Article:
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    ==I could not disagree with that statement more if I tried. Obama seems like a nice guy and he is certainly a wonderful public speaker. However he is a liberal in every sense of the term. He believes that government is the answer to our nation's social problems. Therefore he believes in growing government to fix those problems. In fact Obama maybe the most dangerous candidate in the race since I believe he is a true liberal. Hillary Clinton is a liberal but, believe it nor not, somewhat more moderate and willling to be influenced by polls (etc). Obama is a true blue liberal and would do real damage to our nation. I heard his speech last night on CNN and it frightened me. It sounded like he wants to establish some sort of socialist state where the government punishes the wealthy and gives free money/benefits to the lazy.

    In short, I will work for any Republican to defeat Hillary Clinton. However I will work extra hard for any Republican to defeat Barak Obama. That is not personal, like I said I think he is a nice person. However I believe his policies are dangerous.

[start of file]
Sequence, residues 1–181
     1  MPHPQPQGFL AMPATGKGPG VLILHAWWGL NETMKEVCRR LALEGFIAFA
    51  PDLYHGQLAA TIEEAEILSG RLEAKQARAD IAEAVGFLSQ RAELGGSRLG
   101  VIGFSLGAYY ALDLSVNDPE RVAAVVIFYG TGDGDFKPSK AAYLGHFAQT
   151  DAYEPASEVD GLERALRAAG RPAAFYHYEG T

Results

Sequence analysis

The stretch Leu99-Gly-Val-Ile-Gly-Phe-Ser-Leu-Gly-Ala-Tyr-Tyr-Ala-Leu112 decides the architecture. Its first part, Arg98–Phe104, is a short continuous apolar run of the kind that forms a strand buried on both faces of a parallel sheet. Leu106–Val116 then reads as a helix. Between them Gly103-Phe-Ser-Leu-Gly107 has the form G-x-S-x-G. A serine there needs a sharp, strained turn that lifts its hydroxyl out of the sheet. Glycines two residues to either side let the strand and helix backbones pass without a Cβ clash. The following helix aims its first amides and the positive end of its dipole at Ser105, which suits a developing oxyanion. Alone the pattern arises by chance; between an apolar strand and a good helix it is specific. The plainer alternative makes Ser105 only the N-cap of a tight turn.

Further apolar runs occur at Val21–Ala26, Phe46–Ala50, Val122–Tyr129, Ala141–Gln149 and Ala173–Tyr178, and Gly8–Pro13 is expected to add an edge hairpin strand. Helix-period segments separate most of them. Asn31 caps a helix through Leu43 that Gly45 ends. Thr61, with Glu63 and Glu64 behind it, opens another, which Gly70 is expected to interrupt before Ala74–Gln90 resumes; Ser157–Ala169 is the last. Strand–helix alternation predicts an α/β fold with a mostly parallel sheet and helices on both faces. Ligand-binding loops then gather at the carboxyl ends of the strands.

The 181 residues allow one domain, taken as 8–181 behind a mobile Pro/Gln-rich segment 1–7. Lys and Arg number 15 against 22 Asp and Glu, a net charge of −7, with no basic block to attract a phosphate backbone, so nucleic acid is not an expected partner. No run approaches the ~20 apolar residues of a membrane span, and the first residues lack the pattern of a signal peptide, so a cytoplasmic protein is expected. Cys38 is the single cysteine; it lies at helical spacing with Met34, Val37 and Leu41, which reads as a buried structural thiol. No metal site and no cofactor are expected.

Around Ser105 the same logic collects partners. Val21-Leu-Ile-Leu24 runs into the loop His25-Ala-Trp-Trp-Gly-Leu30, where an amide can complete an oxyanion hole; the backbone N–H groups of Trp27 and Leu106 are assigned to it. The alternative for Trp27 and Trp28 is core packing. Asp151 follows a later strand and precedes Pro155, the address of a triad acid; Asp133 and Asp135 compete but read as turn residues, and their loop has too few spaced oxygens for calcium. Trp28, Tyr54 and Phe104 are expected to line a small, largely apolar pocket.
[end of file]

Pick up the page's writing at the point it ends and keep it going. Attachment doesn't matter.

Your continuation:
17. Dagwood

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    Thank you for this explanation.

    So, what do you perceive to be the differences between McCain and Clinton or Obama.

    So, will you vote for the republican liberal agenda, since McCain is considered a liberal republican by the party establishment?

    I have taken college courses in both political science and in government, but thank you showing concern about my education. Perhaps you can loan me money and, if so, I will start work on my Masters immediately. :)

    BTW, I am no spokesman for the left. I only offer my opinions about politics and which candidate will be the best for the country. In this upcoming election, I feel that the democratic candidate, whether it's Obama or Clinton, will be better than the republican alternative.
     
  18. KenH

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    The liberal foreign policy is closer to my views on foreign policy than the views of the neo-cons who run foreign policy in the GOP.
     
  19. KenH

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    That's fine. That's what makes a horse race. :)
     
  20. Brother Bob

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    I think I will have to drop out of the race, finances you know!

    BBob,